good science is hard.
Communicating science is even harder because it requires a larger doses of creativity.
I learned during my 5 years as a PhD student that art visuals and stories are excellent ways to communicate scientific ideas and results.
But using art as a form of expression is not easy, specially when dealing with complex technical content.
Nevertheless, it is worth the effort.
This is something I experienced at the end of my PhD journey.
Then, I was lucky enough to be surrounded by professional software artists who already mastered this skill.
Together, we created a comic to make the core ideas of my PhD thesis more accessible and engaging to the non-tech audience.1
In this article, I share the comic pages, and the planning behind them.
If you are a PhD student interested in the use of comics (or other forms of art) for communicating your research, then this article is for you.
During my PhD at KTH, I had the opportunity to collaborate with reth|read, a visionary collective of creators using software art to communicate software engineering research. I collaborated in the un|fold project, an installation for the Nobel Week Lights 2022. Along the time, I meet many talented and creative software artists, and even shared office space with some of them.
By being exposed to they work, I learned that art is a powerful tool for making science resonate with hearts and minds. One day, I was talking with Maria Kling, and she suggested me to create a comic to explain my PhD thesis in a fun and engaging way. We had a few meetings where I explained the content of my PhD thesis. Explaining software concepts to software artists is easy, as many of them are great coders.
The picture above shows the output of the first meeting. First, I illustrated the different facets of the global problem: “Debloating Java Applications.” This is illustrated in the top left corner of the whiteboard. Then, I divided the whiteboard into three sections, one for each of my PhD contributions. The goal was to create a comic to show the usefulness of these software tools: DepClean, DepTrim, and JDBL.
The full comic in PDF form is available here. More details as follows.
The core idea of my first tool, DepClean, is to remove unused dependencies (a.k.a packages) from Java applications. In other words, it is about getting rid of the software bloat coming from third-party code. This involves the analysis and transformation of dependency trees in order to remove completely unused dependencies.
“Imagine your computer program has a big, messy tree with branches representing different parts that are called dependencies or packages. Some branches are helpful, while others are just in the way. DepClean’s job is to trim away those unnecessary branches, getting rid of the clutter coming from the unnecessary dependencies that are added over time.”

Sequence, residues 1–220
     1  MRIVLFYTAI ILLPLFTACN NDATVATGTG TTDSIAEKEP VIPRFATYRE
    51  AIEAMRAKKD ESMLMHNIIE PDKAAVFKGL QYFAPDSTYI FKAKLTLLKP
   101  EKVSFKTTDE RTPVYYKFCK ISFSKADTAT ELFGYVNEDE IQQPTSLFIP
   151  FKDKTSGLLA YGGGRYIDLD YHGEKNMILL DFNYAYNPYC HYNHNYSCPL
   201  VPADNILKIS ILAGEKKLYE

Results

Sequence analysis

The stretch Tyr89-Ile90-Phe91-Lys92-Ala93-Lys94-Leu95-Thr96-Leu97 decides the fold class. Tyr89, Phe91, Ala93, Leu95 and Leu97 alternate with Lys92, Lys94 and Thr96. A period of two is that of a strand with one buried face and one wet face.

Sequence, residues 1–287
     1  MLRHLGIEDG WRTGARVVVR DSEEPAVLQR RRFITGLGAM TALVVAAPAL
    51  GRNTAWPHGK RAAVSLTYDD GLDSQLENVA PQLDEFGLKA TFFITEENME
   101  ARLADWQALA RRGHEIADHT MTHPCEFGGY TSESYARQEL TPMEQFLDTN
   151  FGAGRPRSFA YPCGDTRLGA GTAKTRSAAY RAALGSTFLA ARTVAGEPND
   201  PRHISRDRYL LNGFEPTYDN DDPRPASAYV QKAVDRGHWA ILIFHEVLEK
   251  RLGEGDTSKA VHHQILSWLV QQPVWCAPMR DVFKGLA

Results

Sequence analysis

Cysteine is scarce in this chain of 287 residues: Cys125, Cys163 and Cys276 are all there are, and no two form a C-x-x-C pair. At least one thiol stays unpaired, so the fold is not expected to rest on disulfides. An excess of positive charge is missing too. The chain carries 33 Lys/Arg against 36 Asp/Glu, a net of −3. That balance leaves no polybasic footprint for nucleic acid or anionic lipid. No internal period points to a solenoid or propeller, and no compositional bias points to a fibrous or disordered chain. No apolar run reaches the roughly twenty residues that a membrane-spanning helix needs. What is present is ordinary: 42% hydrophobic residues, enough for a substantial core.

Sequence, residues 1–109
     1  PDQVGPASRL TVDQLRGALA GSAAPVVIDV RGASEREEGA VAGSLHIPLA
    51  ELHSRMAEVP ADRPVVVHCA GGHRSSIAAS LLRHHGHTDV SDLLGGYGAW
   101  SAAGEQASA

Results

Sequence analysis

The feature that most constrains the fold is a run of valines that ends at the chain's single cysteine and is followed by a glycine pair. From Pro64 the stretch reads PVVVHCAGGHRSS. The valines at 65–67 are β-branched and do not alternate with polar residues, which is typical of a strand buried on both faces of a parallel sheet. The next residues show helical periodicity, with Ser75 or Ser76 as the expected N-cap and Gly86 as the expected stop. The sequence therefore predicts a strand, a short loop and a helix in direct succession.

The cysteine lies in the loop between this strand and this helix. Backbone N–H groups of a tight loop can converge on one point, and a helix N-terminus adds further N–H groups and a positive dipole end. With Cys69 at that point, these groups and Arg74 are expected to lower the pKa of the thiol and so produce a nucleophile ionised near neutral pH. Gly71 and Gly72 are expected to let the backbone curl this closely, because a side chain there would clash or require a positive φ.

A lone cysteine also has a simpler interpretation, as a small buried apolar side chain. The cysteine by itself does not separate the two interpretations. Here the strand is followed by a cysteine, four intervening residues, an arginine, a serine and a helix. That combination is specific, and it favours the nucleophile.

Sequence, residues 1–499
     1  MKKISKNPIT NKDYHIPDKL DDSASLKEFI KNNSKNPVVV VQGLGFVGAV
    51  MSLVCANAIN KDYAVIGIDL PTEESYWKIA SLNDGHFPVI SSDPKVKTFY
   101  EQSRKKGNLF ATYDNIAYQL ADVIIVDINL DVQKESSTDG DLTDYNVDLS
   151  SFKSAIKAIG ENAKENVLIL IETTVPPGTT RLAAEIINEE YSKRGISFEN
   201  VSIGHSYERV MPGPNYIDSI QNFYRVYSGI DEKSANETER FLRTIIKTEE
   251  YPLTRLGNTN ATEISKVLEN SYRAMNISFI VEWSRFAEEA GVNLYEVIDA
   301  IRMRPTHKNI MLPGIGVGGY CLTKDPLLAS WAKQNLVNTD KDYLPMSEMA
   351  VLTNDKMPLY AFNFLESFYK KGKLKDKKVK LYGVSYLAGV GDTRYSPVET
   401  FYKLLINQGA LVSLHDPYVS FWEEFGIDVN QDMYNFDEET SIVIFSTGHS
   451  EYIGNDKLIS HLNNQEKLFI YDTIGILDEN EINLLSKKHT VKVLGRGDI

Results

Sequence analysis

We wanted to illustrate this idea in a simple way. In the comic, the superhero of our story (me) uses DepClean to snip away the unneeded branches of dependencies from his program’s dependency tree, keeping it clean. The result is shown below.
I really like the aesthetics of this page. Note the three logos, one for each of the the tools, in the top right corner.2 Also note that the comic is mostly in white and black, except for the parts that use the colors in the logos. The source code in the background is a real code snippet from the DepClean’s GitHub repository. I also like the last scene of this page, which serves as a hook to get the reader excited to turn to the next page!
Second and Third Contributions
The next page of the comic is about my second and third PhD contributions, implemented in the tools JDBL and DepTrim. JDBL is an advanced tool for debloating Java applications based on client’s usage. JDBL relies on dynamic analysis and code coverage tools for detecting the unnecessary code parts.3 On the other hand, DepTrim relies on static analysis to remove unused code in partially used dependencies.4 Both JDBL and DepTrim are like supercharged versions of DepClean, they help keep programs neat and tidy but in slightly different ways. Now, let’s take a look at the second page of the comic.
Again, this page conveys the core ideas of my PhD thesis in a simple way. The first scene shows the superhero (me) using DepTrim to remove unused code from partially used dependencies. In the background of this scene, we can see a source code snippet of JDBL. The last scene features my supervisor and me celebrating the successful completion of my hero’s journey.
Software art is a powerful medium for communicating complex scientific concepts. I’m glad that I had the opportunity to collaborate with software artists dedicated full time to this endeavour. I believe that the field of Computer Science could benefit from digital creations showcasing the complexity behind the most simple computing operations.
At the end of my PhD journey, the research contributions and companion tools that I developed became more than code, experiments, and papers. They took on a life of their own thanks to the great work of the software artists who used their talents to turn it all into a comic. In the story, I’m a character in a grand tale using DepClean, DepTrim, and JDBL to enter a never-ending battle against code bloat in Java applications.
I plan to continue the exploration of the many ways of using software art for creation,and as a form of expression.
The next step is to learn about the right tools for the job.
It shouldn’t be too hard.
After all, I’ve just proven that given the right amount of time and effort:
even myself anyone can become a superhero!
I kept a consist design for the logos of all of my software tool during my PhD. It’s great to see that this approach proved to be useful later. ↩